West Indies cricket reached its deepest trough in 2009, surely. A players strike led to an inadequate substitute team losing a Test series to Bangladesh which hopefully marked the absolute nadir in Caribbean cricket.
Bangladesh are the world’s worst Test playing side by the width of the Grand Canyon. Losing to them was inconsolable to die-hard Windies supporters.
But sadly it looks as if things will get even worse before improving because the West Indies Players Association is in contention with the West Indies Cricket Board again only a couple of months after they kissed and made up and both parties agreed to bury their differences.
This time it’s over the revamped, abbreviated first-class season, which starts in Jamaica this weekend. The players expected a longer season so that they don’t have to travel more than necessary to earn their keep and to improve first-class standards.
Ah well, the fragmentation looks set to continue inexorably.
The crumbling of the West Indies empire began in 1991 when Viv Richards was summarily dismissed as captain and forced into exile.
Slow erosion of the West Indies once proud dominance continued until the home series in 1995 against Australia when the slide became an avalanche.
With the Waugh twins scoring at will and Brian Lara out of touch, the Aussies took home the Frank Worrell trophy and have not relinquished it since.
Lara’s Test career was equally measured by personal triumph against team achievement. He set many records which still stand but his divisive influence had a polarising effect on those that truly love the team he represented often heroically but sometimes abhorrently.
The acrimony and bitterness continued with another monumental low point when the players, led by Lara, went on strike in London on their way to the tour in South Africa. No prizes for guessing how that series went.
It was a 5-0 whitewash for South Africa, the first time in West Indies’ history and a new low point.
Throughout the noughties the turmoil continued with embarrassing regularity for those who genuinely cared.
The merry-go-round of new captains, board presidents and officials reached whirlwind levels. Even now, nearly 20 years later, Richards was the last long-term skipper.
At least there were encouraging signs that if worked upon, regional cricket can restore some dignity.
The Trinidad and Tobago national side showed that in winning the Champions League that a team that sticks together, wins together. Their best quality is evidently team spirit, epitomised by the easy victory against Jamaica in the Stanford 20/20 final two years ago.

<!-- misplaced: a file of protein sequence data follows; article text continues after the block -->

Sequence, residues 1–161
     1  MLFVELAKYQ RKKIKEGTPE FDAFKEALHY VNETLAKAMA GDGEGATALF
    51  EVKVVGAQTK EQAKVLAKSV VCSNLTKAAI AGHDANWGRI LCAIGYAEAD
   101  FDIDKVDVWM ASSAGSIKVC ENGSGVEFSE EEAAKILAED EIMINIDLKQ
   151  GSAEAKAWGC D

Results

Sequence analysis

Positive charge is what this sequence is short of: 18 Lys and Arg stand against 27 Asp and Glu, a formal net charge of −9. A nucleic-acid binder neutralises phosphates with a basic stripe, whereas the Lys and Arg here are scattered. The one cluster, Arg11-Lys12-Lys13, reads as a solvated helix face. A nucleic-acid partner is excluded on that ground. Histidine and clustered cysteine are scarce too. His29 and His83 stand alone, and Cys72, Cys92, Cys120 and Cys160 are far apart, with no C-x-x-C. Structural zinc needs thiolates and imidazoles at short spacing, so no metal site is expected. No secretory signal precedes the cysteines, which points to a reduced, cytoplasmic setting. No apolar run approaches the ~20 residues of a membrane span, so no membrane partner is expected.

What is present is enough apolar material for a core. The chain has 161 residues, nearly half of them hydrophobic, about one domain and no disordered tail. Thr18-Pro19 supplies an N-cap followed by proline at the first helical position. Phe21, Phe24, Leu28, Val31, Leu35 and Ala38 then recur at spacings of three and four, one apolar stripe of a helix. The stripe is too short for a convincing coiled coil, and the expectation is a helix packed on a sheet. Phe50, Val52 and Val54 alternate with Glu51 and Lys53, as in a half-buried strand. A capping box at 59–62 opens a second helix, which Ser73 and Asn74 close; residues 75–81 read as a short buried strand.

The Trinis have flirted with the notion of breaking away and forming their own Test side. Excellent team they may be led by the competent Daren Ganga, but even Bangladesh would fancy their chances if they eventually got Test status.
The mercurial nature of the present West Indies side was reflected in the recent Test series in Australia. Humiliated in the first one, they redeemed themselves in the second and had chances to win but lost. Even in losing the third and final Test they had an outside chance of winning.
Events on the pitch were overshadowed last year by the Allen Stanford saga. He pumped millions into resurrecting Caribbean cricket before being handcuffed away possibly for many years as an alleged perpetrator of a $7 billion Ponzi scheme.
Hosting the 2007 World Cup should have given West Indies the fillip it so desperately needed but so many aspects of that tournament went awry that staging it in hindsight seemed counter-productive.
Gigantic stadia built for the tournament rarely see more than a sparse crowd in attendance now.
The recession kicking in since has obviously not helped.
The rise of the 20/20 format may be the only blessing for West Indies cricket. The lack of concentration, resilience and perseverance shown by Chris Gayle’s side in the Test arena seems more suited to the abridged version of the game. It’s a reflection of modern times actually, the quick and shallow gratification in an instantly disposable age.
Gayle himself famously announced that he dislikes the Test format and prefers shorter games. True, five-day cricket is in terminal decline. Modern lifestyle and TV and sponsorship demands dictate that, but while it still exists there is no excuse for limply accepting being rock bottom in the rankings.
As the next decade kicks off there are at least some positives; Trinidad youngster Adrian Barath has prodigious batting talent which is why Lara has nurtured the 19-year-old like a mother hen.
There are many other emerging youngsters anxious to prove that it’s more than bling and a Benz they crave in donning the maroon uniform. Batting duo Lendl Simmons and Andre Fletcher have also shown promise.
Arch rivals England arrive at the end of January, so restoration of pride may begin then.
With a new, more accommodating attitude at the helm of the West Indies board, the main hope of cricket fans worldwide – and not just in the Caribbean – is that this region will soon produce a team that can hold its head high for the next decade. It’s possible, many fear the worse.